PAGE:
Have you ever done something risky and gotten away with it with no harm? You could have rolled the dice, eaten two-day-old unrefrigerated sushi, and escaped without serious gastric distress. If so, you’ve navigated that event scot-free.
In other words, to get away scot-free means you’ve done something utterly free of penalty or harm.
Why do we regularly utter this phrase when we’ve dodged a bullet? Because it’s a handy metaphorical phrase that captures the feeling of a momentous moment, people can use it to convey a sense of “getting away” with something without an expected harmful result or penalty.
Origin of Scot-free
“Scot-free” originates from a Scandinavian word, “SKOT,” which means “tax” or “payment.” During the 10th century, Middle English users bastardized the word into “bescot” and then “scot” as the moniker for a tax meant paid to a lord, bailiff, or sheriff.
These taxes refer to soulscots which were ecclesiastical due paid for every deceased person to the church’s clergy in consideration for services performed. In other words, the dead had to pay a dead tax; they didn’t get out of life “scot-free.”
Scots also showed up in the term scot-ale. A scot-ale was a drinking party held by a sheriff, forester, or bailiff. Or it might have been a church gathering and festival where people were forced to attend and pay a levy or scot.
The French called the tax an “escot,” Modern English users morphed the word into “scot.”
If you did not have to pay or evaded the tax, you were said to have gotten off “scot-free.” The meaning has been broadened to indicate that a person got away with something without punishment.
Scot-free vs. Scotch-free: What’s the Difference Between the Two?
Have you heard the saying being modified to “scotch-free?” That is simply an incorrect version of the expression.
Scotch is a type of malt whisky or grain whisky made in Scotland. Typically, distilleries make scotch whisky from water and malted barley, wheat, or rye.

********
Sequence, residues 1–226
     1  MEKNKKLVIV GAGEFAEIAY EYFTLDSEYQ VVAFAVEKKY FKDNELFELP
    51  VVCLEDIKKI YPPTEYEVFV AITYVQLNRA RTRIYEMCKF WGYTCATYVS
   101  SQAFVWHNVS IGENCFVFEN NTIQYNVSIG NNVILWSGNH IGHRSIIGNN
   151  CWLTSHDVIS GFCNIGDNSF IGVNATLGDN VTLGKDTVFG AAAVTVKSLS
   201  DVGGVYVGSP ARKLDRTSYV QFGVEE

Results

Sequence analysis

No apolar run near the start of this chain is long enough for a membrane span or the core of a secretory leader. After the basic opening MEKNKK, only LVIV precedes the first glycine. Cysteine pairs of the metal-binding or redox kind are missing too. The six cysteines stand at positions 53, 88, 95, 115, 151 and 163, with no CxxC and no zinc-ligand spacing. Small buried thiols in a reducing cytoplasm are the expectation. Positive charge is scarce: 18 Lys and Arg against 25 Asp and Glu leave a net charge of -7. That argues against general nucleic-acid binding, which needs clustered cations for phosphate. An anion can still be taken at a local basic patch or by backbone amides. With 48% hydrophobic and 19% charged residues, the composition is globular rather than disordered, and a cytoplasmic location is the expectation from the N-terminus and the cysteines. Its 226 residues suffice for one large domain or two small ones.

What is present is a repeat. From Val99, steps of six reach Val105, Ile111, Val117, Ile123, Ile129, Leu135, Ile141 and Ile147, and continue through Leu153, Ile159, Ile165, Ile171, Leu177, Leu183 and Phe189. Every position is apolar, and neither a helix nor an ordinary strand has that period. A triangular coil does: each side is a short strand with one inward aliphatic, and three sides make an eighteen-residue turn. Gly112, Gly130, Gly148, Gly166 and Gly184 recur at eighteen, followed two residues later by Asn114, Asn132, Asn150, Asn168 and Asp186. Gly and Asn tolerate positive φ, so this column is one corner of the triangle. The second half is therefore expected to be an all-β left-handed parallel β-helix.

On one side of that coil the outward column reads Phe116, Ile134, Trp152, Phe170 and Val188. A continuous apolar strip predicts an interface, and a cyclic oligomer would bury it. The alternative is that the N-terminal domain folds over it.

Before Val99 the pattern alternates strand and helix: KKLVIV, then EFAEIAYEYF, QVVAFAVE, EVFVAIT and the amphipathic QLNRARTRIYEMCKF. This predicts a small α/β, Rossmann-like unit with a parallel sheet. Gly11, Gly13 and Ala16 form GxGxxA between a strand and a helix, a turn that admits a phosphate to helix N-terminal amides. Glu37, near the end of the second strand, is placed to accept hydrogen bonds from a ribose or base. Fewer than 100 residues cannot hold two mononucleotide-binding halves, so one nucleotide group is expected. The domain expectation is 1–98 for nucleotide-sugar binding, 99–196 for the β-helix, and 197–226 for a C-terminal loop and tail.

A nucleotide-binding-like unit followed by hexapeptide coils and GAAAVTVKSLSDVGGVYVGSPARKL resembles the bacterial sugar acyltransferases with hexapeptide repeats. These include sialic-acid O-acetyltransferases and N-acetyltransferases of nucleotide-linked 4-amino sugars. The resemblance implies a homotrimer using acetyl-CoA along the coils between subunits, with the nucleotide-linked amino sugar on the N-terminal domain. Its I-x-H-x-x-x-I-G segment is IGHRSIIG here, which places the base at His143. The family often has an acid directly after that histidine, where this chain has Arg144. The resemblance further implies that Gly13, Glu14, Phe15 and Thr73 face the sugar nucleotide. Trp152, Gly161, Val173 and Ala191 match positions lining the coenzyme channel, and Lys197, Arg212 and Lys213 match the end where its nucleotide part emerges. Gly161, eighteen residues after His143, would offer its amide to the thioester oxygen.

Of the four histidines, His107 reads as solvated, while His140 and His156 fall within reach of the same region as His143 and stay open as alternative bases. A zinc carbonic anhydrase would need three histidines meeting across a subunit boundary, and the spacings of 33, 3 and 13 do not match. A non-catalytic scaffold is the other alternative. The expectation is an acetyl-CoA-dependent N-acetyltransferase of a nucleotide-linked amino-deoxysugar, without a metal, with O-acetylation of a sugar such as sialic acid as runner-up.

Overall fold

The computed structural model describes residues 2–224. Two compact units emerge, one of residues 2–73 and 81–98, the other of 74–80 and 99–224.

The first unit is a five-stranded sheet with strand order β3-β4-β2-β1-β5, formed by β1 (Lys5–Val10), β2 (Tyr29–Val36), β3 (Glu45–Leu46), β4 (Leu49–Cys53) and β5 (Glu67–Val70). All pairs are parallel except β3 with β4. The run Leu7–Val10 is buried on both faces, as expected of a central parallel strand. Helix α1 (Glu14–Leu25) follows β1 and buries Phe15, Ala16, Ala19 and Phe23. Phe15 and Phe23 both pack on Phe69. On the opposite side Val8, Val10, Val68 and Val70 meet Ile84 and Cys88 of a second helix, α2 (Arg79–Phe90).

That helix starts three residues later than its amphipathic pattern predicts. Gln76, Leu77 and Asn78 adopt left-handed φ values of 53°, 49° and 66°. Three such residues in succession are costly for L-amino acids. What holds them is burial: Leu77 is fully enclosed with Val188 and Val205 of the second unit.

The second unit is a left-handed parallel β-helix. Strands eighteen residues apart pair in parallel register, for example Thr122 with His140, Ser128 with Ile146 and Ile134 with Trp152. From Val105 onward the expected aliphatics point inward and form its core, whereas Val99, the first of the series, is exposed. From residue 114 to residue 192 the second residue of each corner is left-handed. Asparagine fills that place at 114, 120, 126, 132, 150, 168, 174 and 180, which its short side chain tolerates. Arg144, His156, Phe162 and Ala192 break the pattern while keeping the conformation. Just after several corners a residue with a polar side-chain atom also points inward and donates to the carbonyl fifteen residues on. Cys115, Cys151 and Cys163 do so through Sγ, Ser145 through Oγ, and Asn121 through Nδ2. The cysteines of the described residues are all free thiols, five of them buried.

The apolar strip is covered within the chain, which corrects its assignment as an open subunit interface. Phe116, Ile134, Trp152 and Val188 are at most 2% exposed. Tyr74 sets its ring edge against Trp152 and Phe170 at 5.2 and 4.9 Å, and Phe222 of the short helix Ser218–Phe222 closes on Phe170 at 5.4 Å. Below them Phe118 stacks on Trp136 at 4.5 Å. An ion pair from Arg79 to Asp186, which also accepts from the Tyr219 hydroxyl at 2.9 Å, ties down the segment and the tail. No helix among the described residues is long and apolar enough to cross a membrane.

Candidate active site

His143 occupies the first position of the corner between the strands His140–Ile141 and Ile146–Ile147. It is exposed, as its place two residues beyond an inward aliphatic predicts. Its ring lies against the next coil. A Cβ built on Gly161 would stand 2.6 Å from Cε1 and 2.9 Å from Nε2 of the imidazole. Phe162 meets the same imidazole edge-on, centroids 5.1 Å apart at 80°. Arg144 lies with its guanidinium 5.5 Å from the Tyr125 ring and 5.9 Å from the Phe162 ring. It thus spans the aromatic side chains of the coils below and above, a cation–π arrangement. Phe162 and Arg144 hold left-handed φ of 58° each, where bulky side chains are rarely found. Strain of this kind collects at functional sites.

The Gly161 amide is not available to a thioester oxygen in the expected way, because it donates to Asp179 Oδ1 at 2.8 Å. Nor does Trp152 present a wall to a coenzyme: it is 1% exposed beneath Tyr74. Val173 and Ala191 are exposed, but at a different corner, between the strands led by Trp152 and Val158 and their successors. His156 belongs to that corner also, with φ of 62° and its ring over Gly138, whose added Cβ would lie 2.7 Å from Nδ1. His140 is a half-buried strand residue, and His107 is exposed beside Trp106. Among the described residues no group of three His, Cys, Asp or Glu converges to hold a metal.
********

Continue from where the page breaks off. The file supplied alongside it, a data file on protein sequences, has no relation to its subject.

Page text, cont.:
So if you were to reach for a bottle of scotch whisky and the bottle slipped and crashed to the floor but missed your toe–your toe would have gotten out of that situation “scot-free.” But, because you dropped the whisky, you are now scotch free.
What About Scott-Free?
This misspelling is another common error. Dred Scott was a Black man born into slavery in Virginia in 1799. Scott sued for his freedom in the US courts.
The basis of Scott’s case was that he lived in Illinois and the Wisconsin territory for four years, and slavery was illegal there. Also, the laws in that state invalidated slaveholders’ rights to enslaved people if they spent time in the territory.
The Supreme Court ruled against him 7-2, arguing that no person of African ancestry could claim citizenship in the United States. The decision was called the Dred Scott decision and caused tension between the North and South, eventually leading to the Civil War.
While an interesting bit of Americana, Dred Scott has nothing to do with the phrase “scot-free,” and any use of the word “Scott-free” is a misspelling.
Does Scot-free Refer to Scotland, Scots, or the Scottish?
Scot-free has nothing to do with Scotland, Scots, or the Scottish. It refers to a medieval redistributive tax that people had to pay. Not the country, people, or whisky.
What About Shot-free vs. Scot-free?
You can thank Shakespeare for the use of shot-free. Remember, the Old Scandanavian word was “SKOT.”
The Bard of Avon used a similar sounding word in his Henry IV, Part I, when Falstaff says: “Though I could ‘scape shot-free at London, I fear the shot here; here’s no scoring but upon the pate.”
How Do People Use The Term Scot-Free?
Let’s have a look at some examples from reputable media sources:
- “You think you’re smart. You got away scot-free,” Alice Munro, The New Yorker.
- “Actually, I didn’t think we got as rough a ride as we should have done. We got off scot-free, really,” Steve Harmison, The Independent.
- “Roman citizen[s] had the fundamental right to due process and fair trial; summary execution contravened the most basic of civil liberties, then as now. Cicero did not escape scot-free,” Mary Beard, The Guardian.
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